If unions and employer representatives are unable to reach agreement by late Thursday, Norway could see doctors going on strike in the coming weeks, VG reports.
Talks between the Norwegian Association of Local and Regional Authorities (KS) and the Norwegian Medical Association (NMA) began on Wednesday.
Negotiations between the two sides previously broke down in September, with provisions over on-call working hours a key stumbling block, VG writes.
The NMA has said that it believes the workload of on-call or emergency doctors (vaktleger)is too heavy and that this is to the detriment of both ER doctors and GPs. It has asked for a limit on the amount of on-call work doctors can be required to fulfil.
National broadcaster NRK reported on Thursday that doctors may be working up to 120-hour weeks, while VG’s report cites a Directorate of Health study which found that district doctors covering on-call shifts work an average of 70 hours per week and that this can exceed 100-hour weeks for a small percentage of doctors in smaller municipalities.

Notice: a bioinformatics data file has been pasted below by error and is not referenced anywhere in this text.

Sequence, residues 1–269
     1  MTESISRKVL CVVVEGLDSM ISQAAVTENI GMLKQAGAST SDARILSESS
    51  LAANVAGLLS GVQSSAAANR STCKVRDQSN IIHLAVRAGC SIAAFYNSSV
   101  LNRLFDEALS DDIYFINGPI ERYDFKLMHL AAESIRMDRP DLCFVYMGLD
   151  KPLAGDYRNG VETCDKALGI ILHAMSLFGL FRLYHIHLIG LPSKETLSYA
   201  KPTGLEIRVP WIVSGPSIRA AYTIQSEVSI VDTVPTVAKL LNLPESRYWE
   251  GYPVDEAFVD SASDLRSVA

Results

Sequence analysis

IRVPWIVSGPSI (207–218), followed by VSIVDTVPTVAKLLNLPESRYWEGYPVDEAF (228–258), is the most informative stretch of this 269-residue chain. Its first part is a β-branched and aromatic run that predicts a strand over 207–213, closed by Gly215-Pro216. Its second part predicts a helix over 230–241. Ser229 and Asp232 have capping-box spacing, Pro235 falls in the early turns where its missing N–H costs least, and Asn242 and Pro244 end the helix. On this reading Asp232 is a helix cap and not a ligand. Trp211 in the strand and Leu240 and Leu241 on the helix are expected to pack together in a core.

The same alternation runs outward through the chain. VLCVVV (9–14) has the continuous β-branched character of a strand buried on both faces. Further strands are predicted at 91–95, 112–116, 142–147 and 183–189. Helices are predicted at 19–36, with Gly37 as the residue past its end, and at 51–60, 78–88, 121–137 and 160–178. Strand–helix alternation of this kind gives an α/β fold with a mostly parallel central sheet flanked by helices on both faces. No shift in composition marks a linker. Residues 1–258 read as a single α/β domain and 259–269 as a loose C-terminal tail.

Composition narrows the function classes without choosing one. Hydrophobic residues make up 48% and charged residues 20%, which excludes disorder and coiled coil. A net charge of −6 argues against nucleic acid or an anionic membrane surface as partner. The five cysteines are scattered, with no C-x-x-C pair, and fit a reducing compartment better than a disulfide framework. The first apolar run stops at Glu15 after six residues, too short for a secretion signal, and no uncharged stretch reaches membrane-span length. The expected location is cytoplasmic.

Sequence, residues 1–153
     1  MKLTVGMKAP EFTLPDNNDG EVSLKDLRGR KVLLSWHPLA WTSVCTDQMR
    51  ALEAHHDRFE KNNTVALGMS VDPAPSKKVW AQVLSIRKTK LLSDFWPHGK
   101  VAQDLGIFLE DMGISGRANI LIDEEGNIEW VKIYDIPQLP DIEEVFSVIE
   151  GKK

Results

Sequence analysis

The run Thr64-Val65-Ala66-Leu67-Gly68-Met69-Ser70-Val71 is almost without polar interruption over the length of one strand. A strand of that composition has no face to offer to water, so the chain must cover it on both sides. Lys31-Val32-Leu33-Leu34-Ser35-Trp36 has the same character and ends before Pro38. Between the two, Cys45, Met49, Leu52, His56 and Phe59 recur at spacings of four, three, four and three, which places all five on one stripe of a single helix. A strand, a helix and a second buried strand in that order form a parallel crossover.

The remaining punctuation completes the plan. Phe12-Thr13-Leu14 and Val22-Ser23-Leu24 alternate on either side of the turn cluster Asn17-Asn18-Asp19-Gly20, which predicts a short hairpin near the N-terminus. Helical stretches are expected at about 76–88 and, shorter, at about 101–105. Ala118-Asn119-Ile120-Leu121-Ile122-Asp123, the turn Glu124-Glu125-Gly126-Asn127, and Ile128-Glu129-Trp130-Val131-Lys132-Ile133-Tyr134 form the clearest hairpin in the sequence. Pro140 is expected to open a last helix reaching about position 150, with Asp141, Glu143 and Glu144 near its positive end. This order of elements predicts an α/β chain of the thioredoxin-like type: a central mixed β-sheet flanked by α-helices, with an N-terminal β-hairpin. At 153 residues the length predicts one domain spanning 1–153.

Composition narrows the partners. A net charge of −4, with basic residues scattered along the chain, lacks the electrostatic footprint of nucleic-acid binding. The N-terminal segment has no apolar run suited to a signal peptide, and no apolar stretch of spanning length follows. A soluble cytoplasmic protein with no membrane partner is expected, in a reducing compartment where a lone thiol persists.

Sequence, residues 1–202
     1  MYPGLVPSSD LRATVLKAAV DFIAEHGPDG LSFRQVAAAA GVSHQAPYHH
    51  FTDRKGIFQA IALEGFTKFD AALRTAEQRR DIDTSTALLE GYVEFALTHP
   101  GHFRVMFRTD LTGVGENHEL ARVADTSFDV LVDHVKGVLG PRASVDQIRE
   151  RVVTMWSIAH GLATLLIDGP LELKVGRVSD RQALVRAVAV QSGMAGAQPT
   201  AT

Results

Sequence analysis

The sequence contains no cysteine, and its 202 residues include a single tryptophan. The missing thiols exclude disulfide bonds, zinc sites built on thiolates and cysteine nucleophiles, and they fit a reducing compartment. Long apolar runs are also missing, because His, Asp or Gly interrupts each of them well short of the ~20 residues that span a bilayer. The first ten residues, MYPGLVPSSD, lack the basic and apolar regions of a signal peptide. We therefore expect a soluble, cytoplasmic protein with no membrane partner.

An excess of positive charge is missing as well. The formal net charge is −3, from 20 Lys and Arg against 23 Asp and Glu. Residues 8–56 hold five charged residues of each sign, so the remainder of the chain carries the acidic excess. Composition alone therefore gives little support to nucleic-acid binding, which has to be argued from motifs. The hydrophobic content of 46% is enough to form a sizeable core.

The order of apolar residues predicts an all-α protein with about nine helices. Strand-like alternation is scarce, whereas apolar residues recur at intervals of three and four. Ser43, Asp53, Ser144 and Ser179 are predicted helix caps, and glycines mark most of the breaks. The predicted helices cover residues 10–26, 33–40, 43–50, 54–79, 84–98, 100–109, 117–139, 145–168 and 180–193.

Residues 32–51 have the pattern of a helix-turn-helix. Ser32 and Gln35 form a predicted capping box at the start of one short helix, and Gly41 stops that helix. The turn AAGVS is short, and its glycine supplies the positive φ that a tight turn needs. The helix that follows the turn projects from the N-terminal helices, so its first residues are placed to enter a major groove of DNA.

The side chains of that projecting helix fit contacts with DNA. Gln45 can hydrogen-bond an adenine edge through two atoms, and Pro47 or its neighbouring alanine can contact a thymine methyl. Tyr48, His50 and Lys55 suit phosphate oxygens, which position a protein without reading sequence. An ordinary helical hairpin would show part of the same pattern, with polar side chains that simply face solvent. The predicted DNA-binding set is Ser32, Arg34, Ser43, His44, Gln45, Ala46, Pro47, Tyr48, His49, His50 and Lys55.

The deadline for negotiations is midnight on Thursday, with doctors’ unions scheduled to take member into strike if no new deal is in place.
“For about 40 years doctors have been exempt from the working hours provisions of the working environment laws. We can simply no longer accept an unlimited exception. This affects both patients and doctors,” Tor Magne Johnsen, a doctor who has participated in the negotiations, told VG.
The union is asking for doctors to be allowed to consent to working more than seven hours of emergency (legevakt) per week, corresponding to 28 hours of on-call shifts, the newspaper writes.
The association’s president, Marit Hermansen, told VG that everything would be done to reach an agreement with KS but that “like in all (industrial) conflicts, strike is a possible outcome if the parties do not reach agreement”.
KS director Tor Arne Gangsø said that he could not comment on ongoing negotiations but has previously stressed the need for a “long-term solution” to the problem.